The rank–nullity theorem is a theorem in linear algebra, which asserts that the dimension of the domain of a linear map is the sum of its rank (the dimension of its image) and its nullity (the dimension of its kernel).
While the theorem requires that the domain of the linear map be finite-dimensional, there is no such assumption on the codomain. This means that there are linear maps not given by matrices for which the theorem applies. Despite this, the first proof is not actually more general than the second: since the image of the linear map is finite-dimensional, we can represent the map from its domain to its image by a matrix, prove the theorem for that matrix, then compose with the inclusion of the image into the full codomain.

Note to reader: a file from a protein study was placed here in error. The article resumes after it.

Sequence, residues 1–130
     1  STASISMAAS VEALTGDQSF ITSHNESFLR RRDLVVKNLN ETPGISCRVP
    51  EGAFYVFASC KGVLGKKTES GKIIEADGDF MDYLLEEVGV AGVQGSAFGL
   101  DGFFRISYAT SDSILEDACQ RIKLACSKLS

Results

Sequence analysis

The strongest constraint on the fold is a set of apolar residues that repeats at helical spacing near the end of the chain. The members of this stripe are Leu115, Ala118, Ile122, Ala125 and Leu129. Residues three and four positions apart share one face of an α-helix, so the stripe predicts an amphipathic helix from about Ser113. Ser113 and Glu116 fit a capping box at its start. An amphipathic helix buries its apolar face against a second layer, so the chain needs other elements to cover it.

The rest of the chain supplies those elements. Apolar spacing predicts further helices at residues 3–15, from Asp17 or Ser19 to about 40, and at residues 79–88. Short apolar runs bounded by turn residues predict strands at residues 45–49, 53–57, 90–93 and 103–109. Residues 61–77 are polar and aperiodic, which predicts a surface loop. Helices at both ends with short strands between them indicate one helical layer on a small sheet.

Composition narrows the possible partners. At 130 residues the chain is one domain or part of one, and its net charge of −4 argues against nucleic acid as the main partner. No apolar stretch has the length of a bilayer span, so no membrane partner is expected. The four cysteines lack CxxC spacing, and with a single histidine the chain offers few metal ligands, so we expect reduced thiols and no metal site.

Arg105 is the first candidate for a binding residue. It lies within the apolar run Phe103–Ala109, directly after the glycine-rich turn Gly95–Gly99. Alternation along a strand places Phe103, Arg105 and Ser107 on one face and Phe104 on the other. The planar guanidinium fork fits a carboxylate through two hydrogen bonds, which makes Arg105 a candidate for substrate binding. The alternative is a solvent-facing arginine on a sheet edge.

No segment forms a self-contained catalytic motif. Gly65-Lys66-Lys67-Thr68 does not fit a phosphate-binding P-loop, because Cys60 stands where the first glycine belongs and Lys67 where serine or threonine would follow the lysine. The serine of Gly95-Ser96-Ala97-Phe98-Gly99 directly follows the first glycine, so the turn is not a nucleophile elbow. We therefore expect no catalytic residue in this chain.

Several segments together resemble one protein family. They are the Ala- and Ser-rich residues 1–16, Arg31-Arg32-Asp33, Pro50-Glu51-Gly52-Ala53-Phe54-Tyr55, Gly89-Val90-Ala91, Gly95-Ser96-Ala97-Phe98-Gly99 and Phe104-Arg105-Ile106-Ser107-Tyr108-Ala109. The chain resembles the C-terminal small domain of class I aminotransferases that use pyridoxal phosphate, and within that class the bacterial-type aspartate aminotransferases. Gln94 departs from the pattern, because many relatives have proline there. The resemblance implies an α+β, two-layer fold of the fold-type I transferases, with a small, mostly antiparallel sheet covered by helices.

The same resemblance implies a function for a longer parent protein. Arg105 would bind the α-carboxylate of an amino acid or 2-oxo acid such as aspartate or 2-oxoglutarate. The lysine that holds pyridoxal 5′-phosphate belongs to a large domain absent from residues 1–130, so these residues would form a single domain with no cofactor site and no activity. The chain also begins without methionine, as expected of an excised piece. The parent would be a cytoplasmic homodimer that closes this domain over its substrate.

In more modern language, the theorem can also be phrased as saying that each short exact sequence of vector spaces splits. Explicitly, given that
In the finite-dimensional case, this formulation is susceptible to a generalization: if